In a paper published May 3, in the journal Evolution, University of Cincinnati graduate student Karl Grieshop and Michal Polak, associate professor of biological sciences at UC, examine the role of genital spines in the reproductive success of a species of fruit fly. Their investigation identifies the specific type of advantage these spines bestow in the competition to reproduce.
"The leading hypothesis to explain the remarkable diversification of male genital traits is that such complexity evolves in response to sexual selection," Grieshop said. "Specifically, mechanisms of sexual selection operating during and after mating, such as sperm competition and cryptic female choice, have received the most support."
Grieshop and Polak have found compelling evidence that the spiny genitals of these male fruit flies provide the most benefit before the sexual act, rather than during mating or afterward. They achieved this understanding by using a precision laser surgery system to trim the claw-like spines of hundreds of male fruit flies and monitoring their success in a variety of mating situations.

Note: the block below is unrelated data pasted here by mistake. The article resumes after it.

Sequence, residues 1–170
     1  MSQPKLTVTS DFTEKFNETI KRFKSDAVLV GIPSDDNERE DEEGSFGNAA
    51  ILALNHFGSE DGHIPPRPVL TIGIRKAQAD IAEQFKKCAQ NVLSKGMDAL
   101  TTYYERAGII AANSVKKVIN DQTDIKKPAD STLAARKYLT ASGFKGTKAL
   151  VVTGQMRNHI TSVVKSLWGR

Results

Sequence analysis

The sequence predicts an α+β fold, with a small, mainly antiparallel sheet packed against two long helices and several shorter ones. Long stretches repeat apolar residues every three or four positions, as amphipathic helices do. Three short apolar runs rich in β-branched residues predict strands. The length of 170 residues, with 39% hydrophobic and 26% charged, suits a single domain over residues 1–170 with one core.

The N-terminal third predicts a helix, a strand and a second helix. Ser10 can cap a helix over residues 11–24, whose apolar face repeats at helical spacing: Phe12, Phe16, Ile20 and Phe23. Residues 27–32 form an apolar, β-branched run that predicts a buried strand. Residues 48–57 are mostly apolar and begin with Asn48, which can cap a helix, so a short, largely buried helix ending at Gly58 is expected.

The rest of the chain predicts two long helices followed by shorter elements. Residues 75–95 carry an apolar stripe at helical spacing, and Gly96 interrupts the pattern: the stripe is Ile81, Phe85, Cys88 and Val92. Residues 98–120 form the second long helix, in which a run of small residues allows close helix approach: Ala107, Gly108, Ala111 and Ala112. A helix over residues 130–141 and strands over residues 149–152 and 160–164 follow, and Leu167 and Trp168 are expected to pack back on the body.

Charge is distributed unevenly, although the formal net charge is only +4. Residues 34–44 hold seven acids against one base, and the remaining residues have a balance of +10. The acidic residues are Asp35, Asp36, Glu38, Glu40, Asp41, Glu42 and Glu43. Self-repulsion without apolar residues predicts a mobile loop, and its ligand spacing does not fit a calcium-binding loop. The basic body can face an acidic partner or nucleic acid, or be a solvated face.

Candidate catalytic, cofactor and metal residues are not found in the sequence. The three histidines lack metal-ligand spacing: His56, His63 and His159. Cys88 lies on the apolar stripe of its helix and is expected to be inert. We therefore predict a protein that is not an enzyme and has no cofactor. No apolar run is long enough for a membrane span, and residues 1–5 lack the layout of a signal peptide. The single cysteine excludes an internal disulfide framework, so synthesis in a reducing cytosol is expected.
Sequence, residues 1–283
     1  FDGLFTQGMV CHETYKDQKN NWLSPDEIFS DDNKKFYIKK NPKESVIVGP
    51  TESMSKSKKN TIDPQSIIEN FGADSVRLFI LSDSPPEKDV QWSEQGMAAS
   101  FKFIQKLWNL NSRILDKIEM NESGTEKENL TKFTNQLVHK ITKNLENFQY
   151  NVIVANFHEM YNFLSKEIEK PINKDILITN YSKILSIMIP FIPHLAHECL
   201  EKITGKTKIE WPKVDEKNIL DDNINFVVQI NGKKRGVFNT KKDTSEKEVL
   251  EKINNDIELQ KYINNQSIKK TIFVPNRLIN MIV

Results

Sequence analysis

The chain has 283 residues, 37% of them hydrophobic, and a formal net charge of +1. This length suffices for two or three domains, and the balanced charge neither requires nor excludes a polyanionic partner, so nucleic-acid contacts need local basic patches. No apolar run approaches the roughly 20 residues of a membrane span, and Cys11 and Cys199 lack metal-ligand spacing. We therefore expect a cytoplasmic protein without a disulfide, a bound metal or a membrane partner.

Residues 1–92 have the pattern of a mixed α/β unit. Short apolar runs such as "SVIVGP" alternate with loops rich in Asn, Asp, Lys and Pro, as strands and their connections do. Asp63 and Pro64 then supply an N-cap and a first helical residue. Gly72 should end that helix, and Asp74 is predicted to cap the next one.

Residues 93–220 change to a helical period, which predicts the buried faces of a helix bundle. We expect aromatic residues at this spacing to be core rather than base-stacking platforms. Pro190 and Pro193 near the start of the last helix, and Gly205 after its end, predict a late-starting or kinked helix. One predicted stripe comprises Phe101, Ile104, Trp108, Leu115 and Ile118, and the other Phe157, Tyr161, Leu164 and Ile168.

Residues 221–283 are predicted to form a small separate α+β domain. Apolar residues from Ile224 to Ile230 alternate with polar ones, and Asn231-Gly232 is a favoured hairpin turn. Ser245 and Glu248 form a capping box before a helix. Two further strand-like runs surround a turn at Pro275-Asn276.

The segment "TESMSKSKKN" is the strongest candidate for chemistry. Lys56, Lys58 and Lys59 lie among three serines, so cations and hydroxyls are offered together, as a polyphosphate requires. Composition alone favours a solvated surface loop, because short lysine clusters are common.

Of the many species of fruit fly, they chose Drosophila ananassae because of the extraordinary length of these males' genital spines. Using the laser system, they removed the spines completely from some males, cut the spines in half on others, and merely blunted the spine tips on the final group.
Grieshop and Polak discovered that males with their spines completely removed were unable to copulate at all. Males with spines cut in half saw a profound reduction in sexual success. Those whose spines were merely blunted suffered a slight, non-significant reduction in copulation success, which was intensified to a statistically significant effect in sexually competitive environments. They likewise found the decrease in copulation success of partial-cut males was much stronger in competitive environments. And, it is in competitive e
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University of Cincinnati